Friday, March 21, 2014

Album Review: Professor Porkchop and the Dishes – U R My Everything

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This CD review was originally published in the June 6, 2013 edition of Blues Blast Magazine. Be sure to check out the rest of the magazine at

Professor Porkchop and the Dishes – U R My Everything

Self Release

11 tracks / 40:38

There are countless reasons to go to Louisiana: the cuisine, its culture, a strong variety of college and professional sports, plenty of hunting and fishing opportunities, and (of course) the music. The state’s history of blues, zydeco and swamp music is priceless, and its native sons are heroes that its populace can be proud of. Professor Porkchop and the Dishes’ new album, U R My Everything is a prime example of this and its slick performances and clever lyrics should not be missed.

Professor Porkchop is Chris McCaa’s pseudonym, and he is the leader, singer and pianist/organist for this Shreveport, Louisiana-based group. The rest of the crew for this album includes Jason Coffield on guitar and saxophone, Danyelle Bryant and Brady Blade on the skins, Rick Wallis and Shawn Stroope on bass and George Hancock on flute, baritone saxophone and percussion. There is a lot of role-swapping going on here, and there is no way I will be able to keep it straight.

U R My Everything was produced by McCaa and Stroope, and includes eight original tracks and three cover tunes. It is hard to assign this album to any one genre, because even though it has a solid blues bass, it is flavored with funk, soul, jazz, ragtime and a healthy dose of bayou spices. McCaa’s voice has been compared to Randy Newman and John Hiatt, and rightly so, but it is still more his own than anybody else’s. Throughout the changing moods of this album he is able to deftly adapt to different styles but never lose his unique sound, thus giving the band’s sophomore release a sense of continuity.

McCaa has a great voice, but he also has keen keyboard and writing skills. His comfort in his abilities is evident as he chose to start U R My Everything off with four original songs. The title track begins with a mellow vibe flavored with electric piano, but solidifies quickly as the chorus adds in organ and heavier guitar chords. But this is not a one man show, as the backline is solid and the guitars are spot on. When “Blame it on the Moon” gets going, you can see where the Randy Newman comparisons come in. Chris’ voice is similar, and indeed he has a deft touch on the piano. When you add in the sadly clever lyrics and creative rhymes, we get to see that he really has the whole package.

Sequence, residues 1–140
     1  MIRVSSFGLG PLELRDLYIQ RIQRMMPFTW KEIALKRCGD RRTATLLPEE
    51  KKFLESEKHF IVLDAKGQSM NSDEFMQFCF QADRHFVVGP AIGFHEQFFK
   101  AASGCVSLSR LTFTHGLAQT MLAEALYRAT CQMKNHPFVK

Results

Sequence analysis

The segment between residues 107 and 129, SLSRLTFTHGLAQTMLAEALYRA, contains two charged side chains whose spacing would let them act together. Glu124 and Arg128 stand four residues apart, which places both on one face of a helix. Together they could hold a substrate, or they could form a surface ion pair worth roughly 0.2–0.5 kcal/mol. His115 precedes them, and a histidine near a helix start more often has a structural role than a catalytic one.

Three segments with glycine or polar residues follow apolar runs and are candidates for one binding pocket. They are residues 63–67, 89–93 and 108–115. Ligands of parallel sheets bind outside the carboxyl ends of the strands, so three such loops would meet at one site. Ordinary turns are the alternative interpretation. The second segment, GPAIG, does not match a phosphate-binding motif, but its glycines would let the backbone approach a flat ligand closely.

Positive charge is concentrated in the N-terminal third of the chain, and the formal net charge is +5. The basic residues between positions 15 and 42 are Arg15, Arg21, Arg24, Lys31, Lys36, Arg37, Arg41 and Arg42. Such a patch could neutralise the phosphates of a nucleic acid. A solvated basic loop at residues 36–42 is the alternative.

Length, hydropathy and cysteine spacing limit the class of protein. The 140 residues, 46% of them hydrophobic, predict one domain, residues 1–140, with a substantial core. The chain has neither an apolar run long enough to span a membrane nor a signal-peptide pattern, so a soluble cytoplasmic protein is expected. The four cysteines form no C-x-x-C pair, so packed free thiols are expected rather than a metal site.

The band did not forget their Sportsman’s Paradise heritage, as they crafted a fabulous homage to the Crescent City in “Move to New Orleans.” Any locals that have moved away will be made jealous during this tour of all the great spots in town. Then they move on to Shreveport for the next track, “Sprague Street Rag” which is a short instrumental with full-blown ragtime piano accompanied by only a pair of spoons. Chris McCaa certainly has fine chops!

George Hancock brings plenty to the table too, as his jazz flute work in “Puerto Rican Hotel” is both tasteful and skilled. Throughout this selection he is in perfect sync with McCaa’s electric piano and the rhythm section. I was surprised to find a second instrumental tune on the album, but this Afro-Cuban fusion piece really works well into the mix of other styles.

Professor Porkchop and the Dishes included a sprinkling of cool cover tunes too. Their take on “Knock Me a Kiss” is the best version I have heard since B.B. King’s, mostly due to McCaa’s fine vocal phrasing. They also took a crack at Ray Charles’ “Roll With My Baby,” and the rolling bass line and sweet saxophone make for more of a modern feel (in a good way). And “Early in the Morning,” a Louis Jordan hit from 1947, has its upbeat tempo held in place by a nifty snare riff with a slick overlay of the tinkling ivories.

The album comes to a close with the hardest tune of the bunch, “I’m Gone.” This Southern blues rocker has growly vocals and a neat stereo effect of the rhythm and lead guitars; it is almost like this is a five-minute guitar solo with a song happening underneath it. The guitar tone is gloriously distorted, and the bass is fat and totally in the pocket with the drums. And, in keeping with the rest of their original songs, the lyrics are top-notch and worth paying attention to.

U R My Everything provides a most laid-back vibe, and it is great music for just sitting back with a tumbler of your favorite beverage and listening with a fine sound system or a good set of headphones. Professor Porkchop and the Dishes have outdone themselves and delivered a solid piece of work throughout. Check it out if you get the chance!


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